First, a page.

Elites in Finnish energy policy and biogas as a motor vehicle fuel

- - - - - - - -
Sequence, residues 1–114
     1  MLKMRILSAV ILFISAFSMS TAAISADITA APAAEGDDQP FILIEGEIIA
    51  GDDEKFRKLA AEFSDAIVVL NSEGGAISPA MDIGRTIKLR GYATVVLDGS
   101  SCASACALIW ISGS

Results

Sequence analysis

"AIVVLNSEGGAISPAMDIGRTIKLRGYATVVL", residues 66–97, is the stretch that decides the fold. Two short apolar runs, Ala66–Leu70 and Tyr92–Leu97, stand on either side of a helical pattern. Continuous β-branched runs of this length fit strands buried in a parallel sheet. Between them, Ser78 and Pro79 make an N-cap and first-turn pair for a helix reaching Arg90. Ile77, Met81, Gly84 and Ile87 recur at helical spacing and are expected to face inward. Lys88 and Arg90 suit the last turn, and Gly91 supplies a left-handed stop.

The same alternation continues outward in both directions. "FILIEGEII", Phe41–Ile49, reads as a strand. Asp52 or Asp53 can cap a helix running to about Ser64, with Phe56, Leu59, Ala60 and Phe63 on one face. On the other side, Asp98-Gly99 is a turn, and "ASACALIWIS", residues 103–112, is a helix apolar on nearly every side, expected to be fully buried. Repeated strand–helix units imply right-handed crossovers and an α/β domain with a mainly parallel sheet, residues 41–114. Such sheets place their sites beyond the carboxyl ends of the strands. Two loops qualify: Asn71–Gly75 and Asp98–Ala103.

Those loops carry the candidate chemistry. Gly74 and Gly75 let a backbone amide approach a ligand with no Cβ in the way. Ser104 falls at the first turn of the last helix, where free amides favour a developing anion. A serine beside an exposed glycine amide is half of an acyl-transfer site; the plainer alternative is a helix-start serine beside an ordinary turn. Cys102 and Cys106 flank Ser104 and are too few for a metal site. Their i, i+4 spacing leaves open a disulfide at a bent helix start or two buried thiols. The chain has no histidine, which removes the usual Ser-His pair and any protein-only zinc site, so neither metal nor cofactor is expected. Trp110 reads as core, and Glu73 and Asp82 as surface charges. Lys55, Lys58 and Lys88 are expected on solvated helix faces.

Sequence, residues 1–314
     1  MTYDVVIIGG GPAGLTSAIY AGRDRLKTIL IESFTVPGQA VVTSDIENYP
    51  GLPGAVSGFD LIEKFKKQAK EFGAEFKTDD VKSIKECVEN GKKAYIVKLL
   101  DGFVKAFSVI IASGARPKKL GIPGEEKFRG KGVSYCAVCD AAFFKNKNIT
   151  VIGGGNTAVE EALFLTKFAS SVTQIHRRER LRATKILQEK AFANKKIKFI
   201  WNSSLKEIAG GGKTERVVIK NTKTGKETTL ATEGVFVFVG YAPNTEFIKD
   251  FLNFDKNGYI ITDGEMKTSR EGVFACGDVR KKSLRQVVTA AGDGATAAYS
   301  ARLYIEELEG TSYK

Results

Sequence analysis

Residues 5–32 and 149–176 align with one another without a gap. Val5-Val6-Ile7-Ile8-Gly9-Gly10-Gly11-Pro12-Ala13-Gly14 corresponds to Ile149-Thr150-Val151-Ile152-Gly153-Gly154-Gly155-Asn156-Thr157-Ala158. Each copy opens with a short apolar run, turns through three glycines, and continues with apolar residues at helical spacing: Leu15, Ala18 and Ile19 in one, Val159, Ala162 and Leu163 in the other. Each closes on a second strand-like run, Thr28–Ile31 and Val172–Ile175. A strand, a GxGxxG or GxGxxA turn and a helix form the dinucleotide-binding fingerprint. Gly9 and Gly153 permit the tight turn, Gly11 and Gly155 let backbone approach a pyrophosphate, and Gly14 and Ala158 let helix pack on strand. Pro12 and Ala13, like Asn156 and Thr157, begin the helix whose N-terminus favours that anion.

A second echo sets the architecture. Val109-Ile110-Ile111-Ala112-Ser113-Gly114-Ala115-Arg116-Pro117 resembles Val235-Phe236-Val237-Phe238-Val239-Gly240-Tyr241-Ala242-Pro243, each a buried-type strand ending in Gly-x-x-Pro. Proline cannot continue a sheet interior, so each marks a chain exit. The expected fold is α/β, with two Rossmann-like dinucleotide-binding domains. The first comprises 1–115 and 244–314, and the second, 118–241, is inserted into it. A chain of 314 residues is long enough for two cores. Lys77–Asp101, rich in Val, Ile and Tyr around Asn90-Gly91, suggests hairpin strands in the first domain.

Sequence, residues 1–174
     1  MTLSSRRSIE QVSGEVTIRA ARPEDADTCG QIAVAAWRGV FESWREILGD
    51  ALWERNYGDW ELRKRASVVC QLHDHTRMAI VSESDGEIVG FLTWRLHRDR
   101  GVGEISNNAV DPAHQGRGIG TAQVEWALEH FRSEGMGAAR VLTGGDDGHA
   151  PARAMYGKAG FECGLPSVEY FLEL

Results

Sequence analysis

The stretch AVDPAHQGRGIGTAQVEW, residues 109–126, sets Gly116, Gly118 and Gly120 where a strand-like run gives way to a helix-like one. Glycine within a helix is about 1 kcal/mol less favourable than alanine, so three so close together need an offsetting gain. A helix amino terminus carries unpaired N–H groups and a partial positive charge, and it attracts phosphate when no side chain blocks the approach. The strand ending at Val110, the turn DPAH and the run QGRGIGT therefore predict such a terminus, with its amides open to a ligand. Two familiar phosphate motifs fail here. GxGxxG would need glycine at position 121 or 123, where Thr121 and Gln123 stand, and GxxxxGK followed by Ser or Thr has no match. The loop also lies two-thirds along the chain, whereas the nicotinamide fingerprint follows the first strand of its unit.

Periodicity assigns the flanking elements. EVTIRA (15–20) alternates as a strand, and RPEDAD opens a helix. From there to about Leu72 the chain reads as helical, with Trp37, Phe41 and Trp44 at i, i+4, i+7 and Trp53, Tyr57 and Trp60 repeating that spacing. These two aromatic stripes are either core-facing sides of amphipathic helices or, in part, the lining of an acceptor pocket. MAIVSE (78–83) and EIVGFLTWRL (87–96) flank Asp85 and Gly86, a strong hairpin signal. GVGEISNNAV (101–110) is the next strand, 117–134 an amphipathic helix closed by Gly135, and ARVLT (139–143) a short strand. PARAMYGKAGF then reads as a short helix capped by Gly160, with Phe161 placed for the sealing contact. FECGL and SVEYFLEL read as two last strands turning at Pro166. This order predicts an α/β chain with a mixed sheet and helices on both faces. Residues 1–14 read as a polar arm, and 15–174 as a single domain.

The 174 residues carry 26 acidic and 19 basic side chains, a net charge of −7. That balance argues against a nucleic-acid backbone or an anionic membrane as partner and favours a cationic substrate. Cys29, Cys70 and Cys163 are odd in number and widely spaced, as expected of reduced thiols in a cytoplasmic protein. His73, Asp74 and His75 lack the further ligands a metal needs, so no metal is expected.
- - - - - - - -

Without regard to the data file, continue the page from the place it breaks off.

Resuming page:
The intent of this research was to find out what is the state of Finnish energy policy when reviewing it from the vantage point of biogas as a motor vehicle fuel. It seemed, according to previous research, that Finnish energy policy is lead by an elite and that there was a lack in transparency of energy policy. Therefore, in addition to researching the question of transparency and the possible elite structure, the research questions were: Who are these elites? Why do they exist and what makes others not members of the elite? Within what context do they exist? The question “Who?” will define the elite structure in Finland. “Why?” will tell us why this elite structure exists, thus giving possible solutions to prevent or keep the elite from becoming too strong. “Within what context they exist?” will tell us what are the prerequisites that make it possible for this elite to exist. Within what context do the elites exist? The European Union and the market economy define the framework in which the aforementioned members exist. The EU sets the legislation which defines the political prerequisites and barriers in this area. The market economy sets the financial prerequisites and barriers, but what is profitable and what is not is also related to politics and policies. Policy guides what is profitable and what is not. They are interrelated. This leads to the unified political and economic elite. Who are members of the elite? The power elite of biogas as a motor vehicle fuel consists of the top three ministers and two ministries (Minister and Ministry of Employment and the Economy, Minister and Ministry of Finance and the Prime Minister), the industries which have the biggest effect on the Finnish economy, the interest groups Finnish Energy Industries (ET), the Cabinet, and the political bureaucrats. The level of influence of different actors is related to personal characteristics, education, experience, and knowledge. The actor trying to affect political outcomes has to be strong, educated, and experienced. Experience can also mean being a part of the networks of relevant actors, because becoming a member requires knowing the members of the network. Power is related to the institutional position of the actor or the institution itself. The institution must also be financially strong or be an important institution in society. The more financial resources the actor has to lobby, the more they have influence. The same matters conversely make others not members of the elite. Also, the question about which fuel will be dominant in the future was researched. This was not the intention of this thesis; but, the significance of liquid biofuels arose when doing this research. Liquid biofuels were not directly mentioned in the interviews, but when investigating which fuel the dominant companies produce, and what they have invested in, liquid biofuels were discovered. ...
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